As an example as to where entire fields can come up where you wouldn’t expect them – string theory. String theory has long been demeaned by scientists, who call it unscientific because while it proposed a model for the makeup of quarks, leptons, and bosons that make up all matter, it didn’t actually make any new predictions. A small part of that theory, the part dealing with the interactions of black holes, seems to mirror the behavior of the qubits – entangled particles – that were mentioned before. This allows scientists to use string theory to predict the behavior of four qubits, a system we have never observed, and if it is found to be true, then at least that small part of string theory is found to be accurate. This would open up a new field of science, and eventually could produce advancements in technology.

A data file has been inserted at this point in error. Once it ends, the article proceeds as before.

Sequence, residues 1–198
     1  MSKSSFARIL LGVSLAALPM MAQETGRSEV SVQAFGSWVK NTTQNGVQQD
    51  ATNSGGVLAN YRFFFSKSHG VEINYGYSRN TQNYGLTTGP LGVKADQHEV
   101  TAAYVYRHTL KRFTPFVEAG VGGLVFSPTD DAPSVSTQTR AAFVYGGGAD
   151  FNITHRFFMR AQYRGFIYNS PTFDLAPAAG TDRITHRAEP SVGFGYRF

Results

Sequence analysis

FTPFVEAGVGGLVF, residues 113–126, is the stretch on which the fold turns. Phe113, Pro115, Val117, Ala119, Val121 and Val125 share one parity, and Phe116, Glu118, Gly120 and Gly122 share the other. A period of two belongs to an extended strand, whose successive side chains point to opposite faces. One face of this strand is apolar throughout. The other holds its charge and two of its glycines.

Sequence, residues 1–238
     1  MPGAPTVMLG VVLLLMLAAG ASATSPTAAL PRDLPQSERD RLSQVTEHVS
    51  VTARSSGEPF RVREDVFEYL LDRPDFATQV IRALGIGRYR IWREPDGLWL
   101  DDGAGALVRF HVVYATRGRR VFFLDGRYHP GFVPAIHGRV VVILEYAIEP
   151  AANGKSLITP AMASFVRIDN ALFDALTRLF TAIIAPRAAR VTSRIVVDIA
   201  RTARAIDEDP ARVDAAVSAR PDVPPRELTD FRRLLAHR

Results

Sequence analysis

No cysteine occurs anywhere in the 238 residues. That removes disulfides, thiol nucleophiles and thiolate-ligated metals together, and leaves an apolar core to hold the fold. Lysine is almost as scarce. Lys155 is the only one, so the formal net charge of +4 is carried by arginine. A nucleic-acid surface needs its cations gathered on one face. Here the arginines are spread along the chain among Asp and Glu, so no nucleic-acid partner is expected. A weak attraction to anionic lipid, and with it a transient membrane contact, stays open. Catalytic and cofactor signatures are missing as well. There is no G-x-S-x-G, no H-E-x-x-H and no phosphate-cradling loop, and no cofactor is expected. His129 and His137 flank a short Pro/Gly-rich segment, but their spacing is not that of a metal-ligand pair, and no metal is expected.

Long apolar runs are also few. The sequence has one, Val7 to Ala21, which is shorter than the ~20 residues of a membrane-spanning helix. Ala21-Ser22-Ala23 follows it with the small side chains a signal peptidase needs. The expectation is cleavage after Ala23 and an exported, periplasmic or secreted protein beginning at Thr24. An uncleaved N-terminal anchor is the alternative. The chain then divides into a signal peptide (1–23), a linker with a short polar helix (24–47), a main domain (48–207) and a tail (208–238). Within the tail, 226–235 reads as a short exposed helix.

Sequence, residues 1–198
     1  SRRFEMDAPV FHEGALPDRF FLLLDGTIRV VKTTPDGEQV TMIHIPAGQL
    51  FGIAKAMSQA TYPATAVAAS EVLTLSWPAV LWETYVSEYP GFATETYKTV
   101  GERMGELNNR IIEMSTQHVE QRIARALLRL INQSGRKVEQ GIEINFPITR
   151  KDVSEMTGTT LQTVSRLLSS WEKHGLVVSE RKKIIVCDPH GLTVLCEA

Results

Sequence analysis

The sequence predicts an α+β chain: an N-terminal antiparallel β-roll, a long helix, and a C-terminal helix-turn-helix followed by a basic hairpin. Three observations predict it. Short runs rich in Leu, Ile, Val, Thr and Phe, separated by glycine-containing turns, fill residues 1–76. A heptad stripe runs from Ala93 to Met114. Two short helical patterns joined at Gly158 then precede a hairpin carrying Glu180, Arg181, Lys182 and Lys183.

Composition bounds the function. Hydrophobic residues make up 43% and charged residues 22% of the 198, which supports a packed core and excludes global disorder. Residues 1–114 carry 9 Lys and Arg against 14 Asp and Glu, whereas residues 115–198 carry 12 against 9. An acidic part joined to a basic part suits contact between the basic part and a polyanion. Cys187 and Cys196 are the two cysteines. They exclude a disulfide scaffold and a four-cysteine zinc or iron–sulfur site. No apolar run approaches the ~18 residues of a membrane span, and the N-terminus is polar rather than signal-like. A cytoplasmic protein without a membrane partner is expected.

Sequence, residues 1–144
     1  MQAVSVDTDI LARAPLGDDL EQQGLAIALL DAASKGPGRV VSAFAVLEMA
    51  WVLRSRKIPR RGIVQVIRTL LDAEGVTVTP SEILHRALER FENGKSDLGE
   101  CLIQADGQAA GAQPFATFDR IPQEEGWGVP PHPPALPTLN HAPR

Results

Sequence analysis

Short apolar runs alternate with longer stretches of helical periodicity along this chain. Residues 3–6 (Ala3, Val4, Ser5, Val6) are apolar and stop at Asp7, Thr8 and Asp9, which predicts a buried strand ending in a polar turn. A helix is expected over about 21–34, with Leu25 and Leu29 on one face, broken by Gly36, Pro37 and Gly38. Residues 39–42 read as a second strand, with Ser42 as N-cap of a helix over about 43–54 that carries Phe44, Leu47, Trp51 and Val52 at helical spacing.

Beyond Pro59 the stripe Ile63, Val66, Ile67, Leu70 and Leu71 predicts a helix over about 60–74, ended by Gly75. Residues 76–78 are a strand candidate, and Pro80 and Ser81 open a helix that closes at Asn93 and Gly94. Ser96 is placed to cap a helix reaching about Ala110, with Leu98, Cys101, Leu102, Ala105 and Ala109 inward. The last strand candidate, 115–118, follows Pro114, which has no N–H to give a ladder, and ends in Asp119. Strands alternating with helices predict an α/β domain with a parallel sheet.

Of course, it could also be some cosmic coincidence, in which case the scientists who always mocked string theory would have a nice laugh at the expense of the people who wrote the paper, but that’s just how science goes. A lot of people have a lot of ideas, and we eventually realize that a few of those ideas are slightly clever, and a small fraction of those are actually right.

We can never know what lies before our universe, or outside it, unless we discover some way to interact with other universes – but this is hardly a significant limitation. Our universe is huge, and there’s so much we haven’t seen. We’re still a race that is confined to one planet, using only a fraction of the energy available to us (a Kardashev type 0 civilization, which is a scale measuring the energy available to a race – type 1 is equivalent to all the power available on our planet, type 2 is equivalent to using the power of our sun). There are technological advances in our foreseeable future that will allow us to visit Mars and begin to populate it, and this will begin our true exploration of our solar system. Better telescopes and other observing satellites will allow us to make discoveries about some of the more exotic phenomena in our neighborhood. There is much to do.